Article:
Missions & Visions: Pillars of Successful Organizations

The practice of organisation is a critical function of management that frequently is taken for granted. In basic terms, it is imperative to identify and coordinate the what’s, why’s, how’s, where’s, when’s and who’s to succeed in any venture, whether business or other social services, efficiently and effectively. In my practice, I primarily work with Startups and Medium Enterprises (SMEs). One of my most notable observations is that many SMEs operate with a fixed mindset – simply flipping resources today without considering how to maximise current strengths and opportunities to drive sustainable growth for the future.

One of my clients, John, owns a restaurant. He is an excellent cook and does exceptionally well with coordinating kitchen staff and services. As a result, he started to get numerous requests to cater meetings and other larger events. However, John opened a juice jar in another town. In addition, John does fitness training in the mornings and evenings and freelance photography from time to time. John’s philosophy is to do whatever it takes to make him money right now. This system worked for some time. Eventually, his multiple income streams saw diminishing returns due to the lack of organisation. John had become stretched too thin. He is currently unable to deliver the best of anything that he offers. He is losing customers at the restaurant and has been unable to maintain momentum with his fitness trainees. We are currently working with John to pinpoint his mission – what is his current business priority, what his vision of success looks like, and finally, to develop a clear strategy to get there. In so doing, we can then help him control the scope and focus of his investment, thereby enabling him to create, manage and maximise more sustainable returns.

Application in MSMEs

Many SMEs operate without a clear mission or vision. This is often due to a lack of training and exposure. Still, in many cases, the proprietors do not adequately contemplate the power of their enterprise nor the potential to grow far beyond self-employment or the parochial small business. Some think that a mission or vision statement is only for the area of larger organisations with significant market share and pretty profit margins. At Visio HQ, we actively dismiss the small business mindset, emphasising “startups

Startups are business experiments, research, and development processes that precede innovation, disruption, and success in business.

Mark-Odean Grant

Startups must discover and create their ingredients for success and emulate successful enterprises’ appropriate properties and practices. Today we will explore the importance of a mission and a vision—two fundamental features of successful organisations.

There are many academic references about what acceptable mission and vision statements should entail. As a scholar, myself and a trained and experienced professional, I encourage my team, mentees, and clients to understand and appreciate the rigour of developing sound mission and vision statements. However, in practice, simplicity is your best friend. Your message should be brief, relatable, and memorable to quickly engage your key stakeholders’ interest, participation, and support. Startups are value experiments, the research and development process that precedes innovation, disruption, and a successful business.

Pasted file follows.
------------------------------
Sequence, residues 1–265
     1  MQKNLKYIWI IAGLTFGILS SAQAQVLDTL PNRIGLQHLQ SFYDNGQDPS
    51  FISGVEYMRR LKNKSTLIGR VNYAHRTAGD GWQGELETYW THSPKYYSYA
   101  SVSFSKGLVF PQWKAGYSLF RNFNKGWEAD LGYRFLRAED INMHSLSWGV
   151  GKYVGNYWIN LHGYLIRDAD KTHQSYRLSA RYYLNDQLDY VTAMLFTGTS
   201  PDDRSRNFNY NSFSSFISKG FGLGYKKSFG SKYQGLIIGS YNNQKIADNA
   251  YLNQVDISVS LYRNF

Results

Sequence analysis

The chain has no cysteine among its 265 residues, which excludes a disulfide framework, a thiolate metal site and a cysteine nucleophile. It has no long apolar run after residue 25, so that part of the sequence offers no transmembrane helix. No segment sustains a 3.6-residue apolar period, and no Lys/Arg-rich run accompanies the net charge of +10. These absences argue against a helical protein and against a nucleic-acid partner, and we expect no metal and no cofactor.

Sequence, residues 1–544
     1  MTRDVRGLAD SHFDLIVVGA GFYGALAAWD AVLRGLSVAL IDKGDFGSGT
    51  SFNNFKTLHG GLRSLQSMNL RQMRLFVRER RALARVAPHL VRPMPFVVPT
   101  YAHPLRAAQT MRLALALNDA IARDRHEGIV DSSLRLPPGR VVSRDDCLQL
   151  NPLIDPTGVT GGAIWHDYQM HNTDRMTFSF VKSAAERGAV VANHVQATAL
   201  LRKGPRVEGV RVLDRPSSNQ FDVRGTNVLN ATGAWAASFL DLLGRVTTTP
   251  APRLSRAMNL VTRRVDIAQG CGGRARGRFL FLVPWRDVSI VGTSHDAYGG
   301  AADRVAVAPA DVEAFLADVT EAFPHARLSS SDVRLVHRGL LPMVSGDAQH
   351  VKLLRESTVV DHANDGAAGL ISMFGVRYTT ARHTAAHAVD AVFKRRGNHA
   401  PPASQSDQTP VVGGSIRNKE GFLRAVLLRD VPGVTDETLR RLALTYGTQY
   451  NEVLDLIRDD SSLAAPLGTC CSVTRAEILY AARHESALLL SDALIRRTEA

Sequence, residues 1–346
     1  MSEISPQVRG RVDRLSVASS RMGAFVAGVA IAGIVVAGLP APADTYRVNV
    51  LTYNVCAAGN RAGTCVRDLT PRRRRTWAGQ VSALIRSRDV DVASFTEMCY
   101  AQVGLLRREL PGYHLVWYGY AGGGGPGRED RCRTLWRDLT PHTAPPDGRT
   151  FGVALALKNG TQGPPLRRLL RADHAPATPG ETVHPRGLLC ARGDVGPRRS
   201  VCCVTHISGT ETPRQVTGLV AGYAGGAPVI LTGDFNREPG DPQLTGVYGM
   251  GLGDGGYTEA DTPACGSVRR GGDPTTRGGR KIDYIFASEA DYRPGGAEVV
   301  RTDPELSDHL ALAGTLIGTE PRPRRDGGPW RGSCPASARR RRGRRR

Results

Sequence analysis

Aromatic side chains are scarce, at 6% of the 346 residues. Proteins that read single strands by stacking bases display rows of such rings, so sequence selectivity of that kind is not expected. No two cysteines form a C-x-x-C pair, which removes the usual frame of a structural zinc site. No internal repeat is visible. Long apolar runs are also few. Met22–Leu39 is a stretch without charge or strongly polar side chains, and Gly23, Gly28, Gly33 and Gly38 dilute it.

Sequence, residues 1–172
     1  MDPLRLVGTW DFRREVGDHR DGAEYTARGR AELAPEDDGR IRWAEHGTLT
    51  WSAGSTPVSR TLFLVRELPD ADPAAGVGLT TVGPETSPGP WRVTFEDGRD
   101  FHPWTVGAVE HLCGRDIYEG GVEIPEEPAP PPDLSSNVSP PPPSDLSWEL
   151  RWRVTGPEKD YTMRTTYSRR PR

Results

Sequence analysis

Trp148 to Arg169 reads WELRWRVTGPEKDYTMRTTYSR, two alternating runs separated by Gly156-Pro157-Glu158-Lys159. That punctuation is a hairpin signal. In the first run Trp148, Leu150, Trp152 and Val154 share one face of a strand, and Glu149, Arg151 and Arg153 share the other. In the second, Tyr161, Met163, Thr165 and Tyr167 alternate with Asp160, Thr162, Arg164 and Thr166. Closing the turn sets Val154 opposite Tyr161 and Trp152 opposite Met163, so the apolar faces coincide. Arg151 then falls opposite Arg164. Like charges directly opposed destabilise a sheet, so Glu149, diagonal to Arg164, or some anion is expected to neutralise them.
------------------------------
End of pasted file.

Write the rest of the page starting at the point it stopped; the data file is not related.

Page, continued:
Your Mission

Your mission is your big “WHY?”. It answers the questions: “why are you here,” “what do you do?” and “for who?” Your mission is not simply a statement; it is the fundamental purpose of your existence. At the minimum, your mission defines what makes you different from other players in your space. At best, it represents your unique identity, creates your own space, and makes you incomparable. Your mission statement must clearly articulate what you do now and whom you are serving. In addition, missions should effectively represent a capacity to serve stakeholders’ needs most practically. Here are some examples of grand mission statements:

  1. Visio HQ: “to help Jamaicans build great careers, create excellent learning organisations and develop successful businesses.”
  2. Grace Kennedy: “to satisfy the unmet needs of Caribbean people wherever we live in the world.”
  3. Google: “to organise the world’s information and make it universally accessible and useful.”
  4. Microsoft: “to empower every person and every organisation on the planet to achieve more.”

Your Vision

Your vision is a glimpse of your successful destiny. It represents your ultimate success, the summit of fulfilling your mission and purpose. Your vision is not just a statement; it is the essence of your ambition to make an indelible mark on the world. It contemplates what’s next and helps you to position yourself to grow and get better. At the minimum, your vision seizes the future. At best, it defines your legacy. Visions should not just be ambitious but perhaps even audacious to ensure that there is a continuous source of challenge and motivation for your work.

Here are the fantastic vision statements for the missions stated above:

  1. Visio HQ: “to become a centre of excellence for disruption in talent management, startup development, and business networking in Jamaica.”
  2. Grace Kennedy: “to transform ourselves from a Jamaican trading company to a global consumer group with our roots in Jamaica.”
  3. Google: “to provide access to the world’s information in one click.”
  4. Microsoft: “to help individuals and businesses realise their full potential.”

Missions & Visions Evolve

The world is a dynamic place. Global trends and the increasing impact of travel, information and communication technology, e-commerce, and social media have revolutionised the industrial landscape. As a result, businesses and other organisations must be increasingly sensitive in their response to these changes. In worst-case scenarios, these changes present significant threats and may even render missions irrelevant. In best-case scenarios, these changes create more excellent opportunities to compete and even offer enhanced tools for success. Your mission and vision must evolve to contend with the dynamics of the industry. Your mission must maintain relevance to those you serve, and your vision must actively contemplate developments to keep you on target.

You are your mission, and you are becoming your vision. Are you willing to risk winging it? Missions and visions are critical features of successful organisations, whether a startup or a large enterprise. Your mission identifies you in the industry, and your vision epitomises your ultimate success. These critical instruments go a far way in charting your path by creating the context for your work, helping to engage your key stakeholders, and providing continuous challenge and motivation.